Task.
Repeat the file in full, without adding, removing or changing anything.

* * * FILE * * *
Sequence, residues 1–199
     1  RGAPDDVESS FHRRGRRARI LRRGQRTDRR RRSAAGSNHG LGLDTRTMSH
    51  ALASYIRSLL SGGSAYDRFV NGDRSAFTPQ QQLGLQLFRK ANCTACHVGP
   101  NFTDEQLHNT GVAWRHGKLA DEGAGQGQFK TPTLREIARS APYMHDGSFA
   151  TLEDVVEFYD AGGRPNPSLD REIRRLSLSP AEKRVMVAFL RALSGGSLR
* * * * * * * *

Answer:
Sequence, residues 1–199
     1  RGAPDDVESS FHRRGRRARI LRRGQRTDRR RRSAAGSNHG LGLDTRTMSH
    51  ALASYIRSLL SGGSAYDRFV NGDRSAFTPQ QQLGLQLFRK ANCTACHVGP
   101  NFTDEQLHNT GVAWRHGKLA DEGAGQGQFK TPTLREIARS APYMHDGSFA
   151  TLEDVVEFYD AGGRPNPSLD REIRRLSLSP AEKRVMVAFL RALSGGSLR